For much of my life, I’ve lived out an existence parallel to a character in a Muriel Spark novel. I became enamored of her tragi-comic dramatis personae in the 1970s when we read The Prime of Miss Jean Brodie in English class at my all-girls grammar school in Northeast Scotland. Seeing the eponymous movie in Technicolor at the local cinema completed the epiphany.
It was hard not to be enraptured by Maggie Smith’s performance and archly affected vowels and consonants. Harder still not to be caught up in the plot in which Jean, “I’m in my prime” Brodie, the heroine of the Scottish writer’s best-known work, exerts a fatal influence upon six impressionable young pupils—“the crème de la crème.” Brodie, a teacher at a school for girls in 1930s Edinburgh who deliciously proclaims, “Give me a young girl at an impressionable age, and she is mine for life,”manipulates and influences her young protégés’ sexual, political, and religious development until one ends up dead and another betrays her.
Like many of Spark’s heroines, Brodie liked to control her own destiny, saw herself above the law, and lacked anything as pedestrian as a scruple or moral. Spark had the ability to create a panoply of larger-than-life, semi-grotesque, yet compelling characters who were both unique and somehow universal, who were easy to identify with. I certainly did.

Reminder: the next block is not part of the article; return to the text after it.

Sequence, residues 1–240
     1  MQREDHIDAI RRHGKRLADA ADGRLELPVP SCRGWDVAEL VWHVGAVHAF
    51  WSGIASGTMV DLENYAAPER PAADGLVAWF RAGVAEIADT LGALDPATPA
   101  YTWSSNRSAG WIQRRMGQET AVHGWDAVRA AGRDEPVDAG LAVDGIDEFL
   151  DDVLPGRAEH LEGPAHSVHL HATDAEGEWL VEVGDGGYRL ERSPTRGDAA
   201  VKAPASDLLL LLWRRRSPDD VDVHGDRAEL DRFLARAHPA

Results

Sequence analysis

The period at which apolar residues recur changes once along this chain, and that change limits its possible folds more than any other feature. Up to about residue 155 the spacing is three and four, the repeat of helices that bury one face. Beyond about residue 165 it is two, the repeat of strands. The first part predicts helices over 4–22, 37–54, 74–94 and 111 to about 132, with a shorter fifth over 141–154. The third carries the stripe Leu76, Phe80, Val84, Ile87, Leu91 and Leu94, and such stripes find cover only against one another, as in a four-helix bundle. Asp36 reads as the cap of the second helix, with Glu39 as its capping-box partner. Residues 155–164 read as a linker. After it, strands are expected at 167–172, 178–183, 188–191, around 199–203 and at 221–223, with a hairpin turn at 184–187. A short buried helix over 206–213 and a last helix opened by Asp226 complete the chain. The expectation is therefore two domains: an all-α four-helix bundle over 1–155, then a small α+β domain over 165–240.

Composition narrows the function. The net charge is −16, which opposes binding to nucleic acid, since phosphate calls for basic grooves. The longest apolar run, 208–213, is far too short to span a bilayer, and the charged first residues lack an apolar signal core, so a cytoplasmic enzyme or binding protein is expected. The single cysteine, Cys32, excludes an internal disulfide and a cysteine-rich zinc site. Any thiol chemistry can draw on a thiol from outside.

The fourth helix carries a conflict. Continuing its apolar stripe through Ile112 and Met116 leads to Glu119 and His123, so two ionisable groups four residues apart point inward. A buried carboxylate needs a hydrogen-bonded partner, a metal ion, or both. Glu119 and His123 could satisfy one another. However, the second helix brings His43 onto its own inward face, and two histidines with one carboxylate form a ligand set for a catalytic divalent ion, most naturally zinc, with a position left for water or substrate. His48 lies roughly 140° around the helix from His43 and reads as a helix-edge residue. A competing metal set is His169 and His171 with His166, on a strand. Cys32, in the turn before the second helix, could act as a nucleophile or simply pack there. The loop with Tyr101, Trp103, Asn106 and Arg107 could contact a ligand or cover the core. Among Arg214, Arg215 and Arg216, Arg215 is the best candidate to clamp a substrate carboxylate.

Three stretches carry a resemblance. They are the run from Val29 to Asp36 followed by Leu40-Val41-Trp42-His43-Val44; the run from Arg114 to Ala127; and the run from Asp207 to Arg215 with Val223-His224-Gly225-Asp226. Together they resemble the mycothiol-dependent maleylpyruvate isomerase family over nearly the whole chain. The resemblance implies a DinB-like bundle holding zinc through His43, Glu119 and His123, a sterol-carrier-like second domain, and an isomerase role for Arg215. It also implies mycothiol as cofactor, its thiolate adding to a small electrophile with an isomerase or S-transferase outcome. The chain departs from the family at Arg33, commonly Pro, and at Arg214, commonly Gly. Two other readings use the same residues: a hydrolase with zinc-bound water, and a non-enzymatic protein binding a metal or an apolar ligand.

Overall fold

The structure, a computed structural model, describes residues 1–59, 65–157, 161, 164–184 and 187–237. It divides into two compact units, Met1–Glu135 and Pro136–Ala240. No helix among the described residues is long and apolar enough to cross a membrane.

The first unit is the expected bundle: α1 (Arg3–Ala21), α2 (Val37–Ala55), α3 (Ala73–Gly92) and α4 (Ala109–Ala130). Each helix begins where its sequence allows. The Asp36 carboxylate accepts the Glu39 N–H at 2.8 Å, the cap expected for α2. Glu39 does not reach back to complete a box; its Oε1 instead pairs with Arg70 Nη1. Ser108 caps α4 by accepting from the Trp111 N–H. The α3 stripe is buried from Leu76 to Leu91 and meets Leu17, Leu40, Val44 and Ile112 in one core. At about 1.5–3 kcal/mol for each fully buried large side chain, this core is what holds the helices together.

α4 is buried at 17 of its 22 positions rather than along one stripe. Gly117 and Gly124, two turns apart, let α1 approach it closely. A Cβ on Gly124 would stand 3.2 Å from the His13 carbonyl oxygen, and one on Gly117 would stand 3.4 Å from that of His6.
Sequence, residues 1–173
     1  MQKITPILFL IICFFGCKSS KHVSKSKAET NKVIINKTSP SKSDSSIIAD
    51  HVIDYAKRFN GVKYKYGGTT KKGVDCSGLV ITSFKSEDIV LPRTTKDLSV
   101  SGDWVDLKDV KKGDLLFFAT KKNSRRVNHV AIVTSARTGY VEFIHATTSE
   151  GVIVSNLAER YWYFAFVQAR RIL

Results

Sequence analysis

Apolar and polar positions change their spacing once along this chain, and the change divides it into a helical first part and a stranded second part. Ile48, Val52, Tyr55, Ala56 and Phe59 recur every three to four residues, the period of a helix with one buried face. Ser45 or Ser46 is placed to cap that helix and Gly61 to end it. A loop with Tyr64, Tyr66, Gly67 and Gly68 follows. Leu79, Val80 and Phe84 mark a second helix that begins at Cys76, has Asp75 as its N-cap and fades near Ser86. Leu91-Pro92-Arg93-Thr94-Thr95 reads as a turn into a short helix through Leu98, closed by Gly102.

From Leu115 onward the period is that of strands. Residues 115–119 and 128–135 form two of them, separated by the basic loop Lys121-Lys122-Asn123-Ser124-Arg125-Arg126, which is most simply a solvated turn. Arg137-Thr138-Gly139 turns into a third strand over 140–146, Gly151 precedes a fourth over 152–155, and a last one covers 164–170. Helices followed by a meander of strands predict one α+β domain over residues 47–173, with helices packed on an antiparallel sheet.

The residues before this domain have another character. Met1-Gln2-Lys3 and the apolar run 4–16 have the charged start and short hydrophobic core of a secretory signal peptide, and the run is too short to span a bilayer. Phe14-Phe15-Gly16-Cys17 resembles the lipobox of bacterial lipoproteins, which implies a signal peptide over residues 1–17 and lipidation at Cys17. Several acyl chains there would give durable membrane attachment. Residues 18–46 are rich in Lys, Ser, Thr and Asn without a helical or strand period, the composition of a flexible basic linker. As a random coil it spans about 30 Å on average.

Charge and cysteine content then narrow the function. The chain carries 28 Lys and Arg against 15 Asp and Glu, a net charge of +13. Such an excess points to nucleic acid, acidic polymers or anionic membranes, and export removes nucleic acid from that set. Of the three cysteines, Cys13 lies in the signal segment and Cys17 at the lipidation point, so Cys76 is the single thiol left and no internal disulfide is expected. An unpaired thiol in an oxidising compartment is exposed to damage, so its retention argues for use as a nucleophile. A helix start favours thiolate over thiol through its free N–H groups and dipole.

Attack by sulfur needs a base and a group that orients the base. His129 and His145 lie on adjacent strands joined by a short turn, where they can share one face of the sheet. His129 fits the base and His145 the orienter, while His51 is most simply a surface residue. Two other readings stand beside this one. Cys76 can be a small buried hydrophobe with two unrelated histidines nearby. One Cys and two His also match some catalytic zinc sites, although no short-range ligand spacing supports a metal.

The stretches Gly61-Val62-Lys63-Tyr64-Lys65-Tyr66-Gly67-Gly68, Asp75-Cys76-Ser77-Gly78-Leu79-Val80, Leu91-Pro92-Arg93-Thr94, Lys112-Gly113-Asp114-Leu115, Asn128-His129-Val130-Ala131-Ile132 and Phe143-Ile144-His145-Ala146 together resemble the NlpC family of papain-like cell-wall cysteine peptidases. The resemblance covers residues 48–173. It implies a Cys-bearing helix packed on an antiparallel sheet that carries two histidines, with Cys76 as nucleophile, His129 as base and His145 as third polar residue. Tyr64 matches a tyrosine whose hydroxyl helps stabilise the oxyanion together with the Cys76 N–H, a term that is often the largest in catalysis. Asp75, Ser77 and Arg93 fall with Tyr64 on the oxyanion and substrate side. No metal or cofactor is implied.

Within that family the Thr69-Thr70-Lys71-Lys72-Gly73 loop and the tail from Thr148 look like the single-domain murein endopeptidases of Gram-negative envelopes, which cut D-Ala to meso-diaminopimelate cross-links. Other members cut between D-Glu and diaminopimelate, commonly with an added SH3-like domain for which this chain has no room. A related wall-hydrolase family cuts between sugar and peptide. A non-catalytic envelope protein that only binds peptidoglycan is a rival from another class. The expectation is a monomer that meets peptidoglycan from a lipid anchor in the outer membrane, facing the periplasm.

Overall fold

The film—to which the New Yorker devoted an entire issue—helped introduce Spark’s existential satire and sly humor to an American audience. For me, it was the beginning of a lifelong love affair with one of the masters of the genre often compared to Evelyn Waugh. It proved the start of a literary, geographic, and career odyssey that mirrored Spark’s own, and that of many of her characters.
After high school, I attended college in Edinburgh’s Morningside district, where Spark was born in 1918 to a Presbyterian mother and a Jewish father. Here, I inhabited the Edinburgh equivalent of Spark’s “dingy London bedsit.” Mine came with an elderly hissing pockmarked gas fire and matching elderly hissing pockmarked landlady. While the former gouged you out of your money, the latter served impoverished student lodgers crystal glasses of Amontillado sherry as a reward for taking the rubbish out, changing a light bulb, or listening to tales of a fiancé who died on the battlefields of the Crimean War. (OK, it might have been WWI.)
At the time, I was cackling my way through Memento Mori, Spark’s 1959 novel about death, blackmail, and scandal set in an English old folks’ home. The simple but brilliant plot device involves an anonymous telephone caller saying to all the principal characters, “Remember you must die,” the translation of the book’s title.